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How to Become a Notary in the State of Washington

by American Association of Notaries
By following our step-by-step guide below, you'll be on your way to becoming a Washington notary.

To become a Washington notary, a notary applicant must:

1. Be 18 years of age or older
2. Be able to read and write in English
3. Reside in Washington State or be an Idaho or Oregon resident who is employed or doing business regularly in Washington State

If you meet the above qualifications you can apply to become a Washington notary by:

1. Carefully reading the laws, rules, and duties of a notary public in and for the State of Washington available on the Washington State's Department of Licensing website
2. Printing out a notary application from the Washington State's Department of Licensing website
3. Completing Section A and B of the notary application
4. Having three endorsers complete Section C of the notary application
5. Completing Section D of the notary application in the presence of a notary public
6. Having the notary public notarize Section D of the notary application
7. Purchasing a four-year, $10,000 Washington surety bond
8. Mailing the complete notary application, a copy of your $10,000 Washington surety bond, and $30.00 application fee to the Notary Public Program Department of Licensing
9. Waiting for your Washington Notary Public Commission Certificate in the mail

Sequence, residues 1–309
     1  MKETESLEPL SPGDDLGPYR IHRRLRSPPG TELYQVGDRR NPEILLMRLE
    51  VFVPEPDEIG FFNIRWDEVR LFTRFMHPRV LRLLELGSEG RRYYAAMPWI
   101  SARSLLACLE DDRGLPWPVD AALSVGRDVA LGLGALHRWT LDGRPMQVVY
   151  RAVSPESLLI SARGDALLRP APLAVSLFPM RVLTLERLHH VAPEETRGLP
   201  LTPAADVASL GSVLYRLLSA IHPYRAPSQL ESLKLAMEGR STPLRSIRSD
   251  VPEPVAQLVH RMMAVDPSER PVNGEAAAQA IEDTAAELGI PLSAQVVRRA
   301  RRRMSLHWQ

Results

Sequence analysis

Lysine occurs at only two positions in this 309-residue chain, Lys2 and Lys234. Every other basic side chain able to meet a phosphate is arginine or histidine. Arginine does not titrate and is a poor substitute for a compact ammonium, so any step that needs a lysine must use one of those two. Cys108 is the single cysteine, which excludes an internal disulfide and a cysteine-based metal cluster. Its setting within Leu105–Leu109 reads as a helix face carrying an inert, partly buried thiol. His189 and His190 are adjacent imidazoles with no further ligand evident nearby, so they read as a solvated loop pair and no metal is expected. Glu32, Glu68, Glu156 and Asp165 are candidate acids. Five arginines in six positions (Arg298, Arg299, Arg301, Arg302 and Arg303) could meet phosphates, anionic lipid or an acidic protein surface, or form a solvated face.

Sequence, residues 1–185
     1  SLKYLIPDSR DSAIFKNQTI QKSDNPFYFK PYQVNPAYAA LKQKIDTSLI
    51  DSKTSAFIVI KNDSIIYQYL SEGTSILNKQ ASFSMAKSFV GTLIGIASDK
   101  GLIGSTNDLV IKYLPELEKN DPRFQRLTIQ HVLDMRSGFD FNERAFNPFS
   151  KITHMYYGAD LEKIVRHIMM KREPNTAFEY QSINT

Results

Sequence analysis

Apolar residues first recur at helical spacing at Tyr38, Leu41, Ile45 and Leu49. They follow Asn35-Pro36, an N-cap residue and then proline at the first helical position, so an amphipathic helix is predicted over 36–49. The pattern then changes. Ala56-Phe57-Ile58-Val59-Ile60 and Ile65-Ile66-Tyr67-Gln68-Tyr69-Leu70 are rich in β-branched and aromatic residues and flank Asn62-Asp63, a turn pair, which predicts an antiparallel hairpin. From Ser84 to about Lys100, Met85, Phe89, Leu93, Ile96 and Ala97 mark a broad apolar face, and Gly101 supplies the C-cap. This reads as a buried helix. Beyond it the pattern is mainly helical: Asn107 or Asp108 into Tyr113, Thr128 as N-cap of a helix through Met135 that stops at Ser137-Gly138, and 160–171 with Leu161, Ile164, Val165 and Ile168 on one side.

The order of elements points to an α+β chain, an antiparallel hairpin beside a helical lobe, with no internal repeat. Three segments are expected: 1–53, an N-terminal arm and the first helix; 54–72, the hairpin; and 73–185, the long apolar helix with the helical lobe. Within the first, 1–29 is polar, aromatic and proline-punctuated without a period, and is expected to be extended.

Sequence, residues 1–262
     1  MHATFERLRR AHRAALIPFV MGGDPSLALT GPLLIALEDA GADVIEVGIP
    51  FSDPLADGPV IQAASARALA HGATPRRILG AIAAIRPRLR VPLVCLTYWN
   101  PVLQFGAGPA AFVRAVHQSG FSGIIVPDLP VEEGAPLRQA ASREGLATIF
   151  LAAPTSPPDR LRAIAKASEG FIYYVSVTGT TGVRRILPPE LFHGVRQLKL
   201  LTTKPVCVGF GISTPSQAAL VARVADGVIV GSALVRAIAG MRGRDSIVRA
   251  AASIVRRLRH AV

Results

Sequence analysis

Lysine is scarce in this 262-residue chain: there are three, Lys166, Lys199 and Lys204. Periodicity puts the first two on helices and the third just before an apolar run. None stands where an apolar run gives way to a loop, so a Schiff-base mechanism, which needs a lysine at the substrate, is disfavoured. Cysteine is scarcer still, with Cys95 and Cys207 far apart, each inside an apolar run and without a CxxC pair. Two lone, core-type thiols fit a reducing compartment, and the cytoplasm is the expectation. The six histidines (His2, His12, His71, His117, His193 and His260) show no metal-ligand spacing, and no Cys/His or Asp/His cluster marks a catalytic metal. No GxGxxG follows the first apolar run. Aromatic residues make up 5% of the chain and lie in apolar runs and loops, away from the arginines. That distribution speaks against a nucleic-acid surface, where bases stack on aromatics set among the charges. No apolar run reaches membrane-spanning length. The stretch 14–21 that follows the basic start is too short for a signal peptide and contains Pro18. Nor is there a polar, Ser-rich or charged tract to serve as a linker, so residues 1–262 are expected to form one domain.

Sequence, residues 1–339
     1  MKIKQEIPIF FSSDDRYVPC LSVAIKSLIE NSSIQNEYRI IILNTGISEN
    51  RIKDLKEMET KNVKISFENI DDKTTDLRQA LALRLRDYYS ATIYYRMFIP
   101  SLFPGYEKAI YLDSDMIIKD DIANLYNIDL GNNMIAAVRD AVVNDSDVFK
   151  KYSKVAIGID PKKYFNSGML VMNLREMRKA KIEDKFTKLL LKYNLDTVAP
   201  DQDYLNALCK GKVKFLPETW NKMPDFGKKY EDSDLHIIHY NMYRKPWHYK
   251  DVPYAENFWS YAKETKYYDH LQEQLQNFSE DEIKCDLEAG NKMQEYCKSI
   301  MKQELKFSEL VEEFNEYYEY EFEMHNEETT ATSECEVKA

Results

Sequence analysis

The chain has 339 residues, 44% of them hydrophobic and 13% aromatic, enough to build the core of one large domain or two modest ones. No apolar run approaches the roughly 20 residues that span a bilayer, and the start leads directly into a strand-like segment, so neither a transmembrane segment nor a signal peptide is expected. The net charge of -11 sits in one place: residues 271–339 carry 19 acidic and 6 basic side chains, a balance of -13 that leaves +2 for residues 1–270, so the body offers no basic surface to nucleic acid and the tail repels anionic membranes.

How can I start the Washington notary application process to become a Washington notary?

To become a Washington notary, please follow the instructions listed on the previous section on "How to become a Washington notary". Click here for more information on how to become a Washington notary, and read our Washington law section. More information can found at the Washington Secretary of State's website.

How do I renew my Washington notary commission?

Renewing your Washington notary commission requires you to take the same steps as applying for a Washington notary commission for the first time, but you don't need to complete Section C or D on the notary application. A new application should be started before the notary commission's expiration date to ensure uninterrupted authority.

When can I renew my Washington notary commission?

You can renew your Washington notary commission within 120 days before your commission expiration date.

How much does it cost to become a Washington notary?

To become a Washington notary, you must purchase a four-year, $10,000 Washington surety bond. The cost of the $10,000 surety bond varies from company to company. The Washington State Department of Licensing doesn't regulate how much a bonding company can charge for the surety bond. To have your notary public application processed, you will need to pay a $30.00 application fee. After you receive your Washington Notary Public Commission Certificate, you will need a Washington notary stamp or notary embossing seal (prices vary depending the notary items you select). As of July 1, 2018, all Washington notaries will be required to keep a notary record book (journal) to describe each notarial act they perform. Please visit http://www.notarypublicstamps.com/notary-stamps/washington/ for notary stamps, notary record books, and other notary supplies.

How long does it take to become a Washington notary public?

The time it takes to complete a notary application and secure a surety bond varies from applicant to applicant. After you mail the correctly completed notary application, a copy of your surety bond, and a $30.00 processing fee to the Notary Public Program Department of Licensing, it takes at least thirty days for you to receive your Washington Notary Public Commission Certificate by mail.